What to expect
In the earlier stages, memory loss and confusion may be mild. The person with dementia may be aware of — and frustrated by — the changes taking place, such as difficulty recalling recent events, making decisions or processing what was said by others.
In the later stages, memory loss becomes far more severe. A person may not recognize family members, may forget relationships, call family members by other names, or become confused about the location of home or the passage of time. He or she may forget the purpose of common items, such as a pen or a fork. These changes are some of the most painful for caregivers and families.
Such types of behavior is sometimes incorrectly referred to as "senility" or "senile dementia," which reflects the formerly widespread but incorrect belief that serious mental decline is a normal part of aging.
Learn more: Stages of Alzheimer's, Age-related Memory Loss vs. Alzheimer's, Dealing with Memory Changes
The main underlying cause of memory loss and confusion is the progressive damage to brain cells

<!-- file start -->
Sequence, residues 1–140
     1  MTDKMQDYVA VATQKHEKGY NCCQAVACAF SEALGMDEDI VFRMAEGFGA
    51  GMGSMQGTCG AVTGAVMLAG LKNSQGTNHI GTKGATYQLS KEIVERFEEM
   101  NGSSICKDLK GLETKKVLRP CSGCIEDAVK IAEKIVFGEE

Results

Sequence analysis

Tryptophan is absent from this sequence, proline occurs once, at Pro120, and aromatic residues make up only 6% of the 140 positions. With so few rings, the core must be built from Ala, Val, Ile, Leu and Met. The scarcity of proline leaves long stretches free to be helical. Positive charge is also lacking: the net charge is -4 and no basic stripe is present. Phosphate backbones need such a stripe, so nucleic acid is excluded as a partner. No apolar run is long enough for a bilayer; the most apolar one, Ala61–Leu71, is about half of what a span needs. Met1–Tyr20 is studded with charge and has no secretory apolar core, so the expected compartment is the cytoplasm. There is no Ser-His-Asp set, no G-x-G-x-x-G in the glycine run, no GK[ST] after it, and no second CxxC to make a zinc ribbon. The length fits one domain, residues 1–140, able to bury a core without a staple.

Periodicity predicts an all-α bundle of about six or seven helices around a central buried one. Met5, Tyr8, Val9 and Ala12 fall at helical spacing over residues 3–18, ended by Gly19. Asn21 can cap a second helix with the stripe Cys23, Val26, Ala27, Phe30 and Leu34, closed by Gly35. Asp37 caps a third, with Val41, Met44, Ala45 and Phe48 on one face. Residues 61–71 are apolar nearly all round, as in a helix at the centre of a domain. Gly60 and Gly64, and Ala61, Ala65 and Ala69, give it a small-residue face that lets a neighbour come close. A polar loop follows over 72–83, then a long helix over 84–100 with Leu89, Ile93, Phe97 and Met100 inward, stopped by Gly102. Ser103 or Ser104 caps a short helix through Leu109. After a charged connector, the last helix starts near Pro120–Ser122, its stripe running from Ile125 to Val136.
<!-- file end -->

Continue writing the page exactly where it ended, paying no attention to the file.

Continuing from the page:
caused by Alzheimer's disease. While current medications
cannot stop the damage Alzheimer's causes to brain cells, they may help lessen symptoms for a limited time.
Certain situations — such as a change in living arrangements, switch in routine or certain infections — can cause symptoms to worsen. Any time there is a sudden change in behavior, it is important to have a medical evaluation to rule out other causes.
How to respond
- Stay calm. Although being called by a different name or not being recognized can be painful, try not to make your hurt apparent.
- Respond with a brief explanation. Don't overwhelm the person with lengthy statements or reasons. Instead, clarify with a simple explanation.
- Show photos and other reminders. Use photographs and other thought-provoking items to remind the person of important relationships and places.
- Travel with the person to where he or she is in time. If the person's memory is focused on a particular time in his or her life, engage in conversation about recollections with an understanding that this is his or her current reality.
- Offer corrections as suggestions. Avoid explanations that sound like scolding. Try: "I thought it was a fork" or "I think she is your granddaughter Julie."
- Try not to take it personally. Alzheimer's disease causes your loved one to forget, but your support and understanding will continue to be appreciated.
- Share your experience with others. Join ALZConnected, our online support community and message boards, and share what response strategies have worked for you and get more ideas from other caregivers.